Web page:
“Global claim” or “composite claim” or “rolled-up claim”, as is often called is used to describe a claim for time extension, loss and/or expense or damages arising from a number of different causes, which may be interrelated and/or difficult to isolate or particularise into their respective cause and effect.
In the past, such claims seldom succeed due to the interrelated events, usually with only few or no contemporaneous records available to support them. In the assessment of any entitlement to any claims, whether additional time and/or money, it has always been grounded on “cause and effect” principle by establishing the causal linkages, supported by the relevant documentary evidence, which global claims often lack.
In order to succeed, the claimant or Contractor, in making such claim against the Employer, must be able to show the connection between the events for which the Contractor is neither responsible nor culpable for but was made to suffer or incur additional time, loss and/or expense or damages as a consequence of the events concern.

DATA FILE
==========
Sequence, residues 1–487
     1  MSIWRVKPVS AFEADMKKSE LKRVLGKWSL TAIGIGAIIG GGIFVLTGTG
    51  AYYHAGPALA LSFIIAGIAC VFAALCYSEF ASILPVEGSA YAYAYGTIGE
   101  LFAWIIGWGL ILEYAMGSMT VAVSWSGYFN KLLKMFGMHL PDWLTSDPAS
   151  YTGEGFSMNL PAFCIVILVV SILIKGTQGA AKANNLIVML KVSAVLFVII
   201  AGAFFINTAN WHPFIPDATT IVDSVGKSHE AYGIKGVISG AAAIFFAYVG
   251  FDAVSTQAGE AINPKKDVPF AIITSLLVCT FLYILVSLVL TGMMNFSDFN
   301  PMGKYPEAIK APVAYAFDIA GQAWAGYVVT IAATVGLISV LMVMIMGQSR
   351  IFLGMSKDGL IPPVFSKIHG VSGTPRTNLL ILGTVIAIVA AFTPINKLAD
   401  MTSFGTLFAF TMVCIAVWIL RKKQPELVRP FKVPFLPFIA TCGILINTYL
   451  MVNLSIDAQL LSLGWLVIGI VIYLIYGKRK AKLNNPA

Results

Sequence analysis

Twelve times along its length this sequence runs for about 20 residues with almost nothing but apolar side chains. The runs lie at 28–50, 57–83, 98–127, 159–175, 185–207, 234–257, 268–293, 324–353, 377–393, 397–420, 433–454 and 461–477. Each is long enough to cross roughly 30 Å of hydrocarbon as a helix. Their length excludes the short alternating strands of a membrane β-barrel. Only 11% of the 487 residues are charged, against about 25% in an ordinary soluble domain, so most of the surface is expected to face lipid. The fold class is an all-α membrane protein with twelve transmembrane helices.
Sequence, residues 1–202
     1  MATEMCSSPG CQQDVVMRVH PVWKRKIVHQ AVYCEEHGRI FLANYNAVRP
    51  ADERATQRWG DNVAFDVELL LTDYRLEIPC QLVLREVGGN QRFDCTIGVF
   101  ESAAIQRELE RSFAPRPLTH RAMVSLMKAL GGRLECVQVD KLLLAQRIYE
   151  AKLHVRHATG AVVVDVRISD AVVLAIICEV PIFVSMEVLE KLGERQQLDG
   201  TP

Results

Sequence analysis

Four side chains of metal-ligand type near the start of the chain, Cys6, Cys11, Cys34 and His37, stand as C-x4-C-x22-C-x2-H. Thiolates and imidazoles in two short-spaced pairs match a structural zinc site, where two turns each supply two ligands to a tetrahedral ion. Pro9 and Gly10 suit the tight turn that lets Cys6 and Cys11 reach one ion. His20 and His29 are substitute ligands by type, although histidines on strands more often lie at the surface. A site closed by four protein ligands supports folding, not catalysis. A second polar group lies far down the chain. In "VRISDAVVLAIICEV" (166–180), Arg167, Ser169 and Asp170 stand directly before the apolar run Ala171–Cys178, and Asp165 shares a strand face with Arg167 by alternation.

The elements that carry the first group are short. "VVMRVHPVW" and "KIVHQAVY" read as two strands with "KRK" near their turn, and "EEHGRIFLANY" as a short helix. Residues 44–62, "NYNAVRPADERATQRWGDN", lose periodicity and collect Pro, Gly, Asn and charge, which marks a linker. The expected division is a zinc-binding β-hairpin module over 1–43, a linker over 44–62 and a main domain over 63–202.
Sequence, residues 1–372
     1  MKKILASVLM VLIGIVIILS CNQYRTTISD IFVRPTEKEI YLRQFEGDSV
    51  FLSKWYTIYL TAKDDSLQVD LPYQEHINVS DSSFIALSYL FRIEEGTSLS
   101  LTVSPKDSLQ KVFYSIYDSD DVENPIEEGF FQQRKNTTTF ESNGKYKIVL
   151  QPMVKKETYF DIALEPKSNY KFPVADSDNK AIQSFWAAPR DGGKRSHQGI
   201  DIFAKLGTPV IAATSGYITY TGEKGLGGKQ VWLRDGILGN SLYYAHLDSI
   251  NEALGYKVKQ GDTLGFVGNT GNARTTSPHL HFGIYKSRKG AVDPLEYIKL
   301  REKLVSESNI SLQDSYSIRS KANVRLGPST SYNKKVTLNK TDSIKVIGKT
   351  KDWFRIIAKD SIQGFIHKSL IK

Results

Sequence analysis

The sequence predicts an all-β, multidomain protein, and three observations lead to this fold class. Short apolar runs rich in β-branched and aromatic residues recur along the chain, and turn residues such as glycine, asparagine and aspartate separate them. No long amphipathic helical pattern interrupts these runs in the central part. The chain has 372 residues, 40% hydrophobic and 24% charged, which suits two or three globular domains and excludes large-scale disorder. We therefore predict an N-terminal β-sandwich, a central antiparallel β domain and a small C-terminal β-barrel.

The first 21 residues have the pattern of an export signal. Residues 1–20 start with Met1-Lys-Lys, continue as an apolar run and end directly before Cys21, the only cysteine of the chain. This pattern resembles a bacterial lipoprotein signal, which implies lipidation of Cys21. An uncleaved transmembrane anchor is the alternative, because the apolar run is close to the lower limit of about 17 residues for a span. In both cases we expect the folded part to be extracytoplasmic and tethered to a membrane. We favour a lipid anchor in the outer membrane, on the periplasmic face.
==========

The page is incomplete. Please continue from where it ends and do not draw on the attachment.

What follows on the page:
Since global claims often lack the causal linkages and relevant supporting documents, many such claims have ended up in tribunals or courts for their review and decision. In the past, the paths to such legal recourse have been rather bumpy and uncertain, until lately.
In this article, BK Entrusty aims to provide readers with an appreciation and understanding of global claims by eliciting the past and recent case law and decisions concerning such claims, including the recent landmark case of Walter Lilly v MacKay as decided by Justice Akenhead, the judge in charge of Technology and Construction Court (“TCC”) in London, who had provided some interesting and important ruling on several pertinent issues in construction law.
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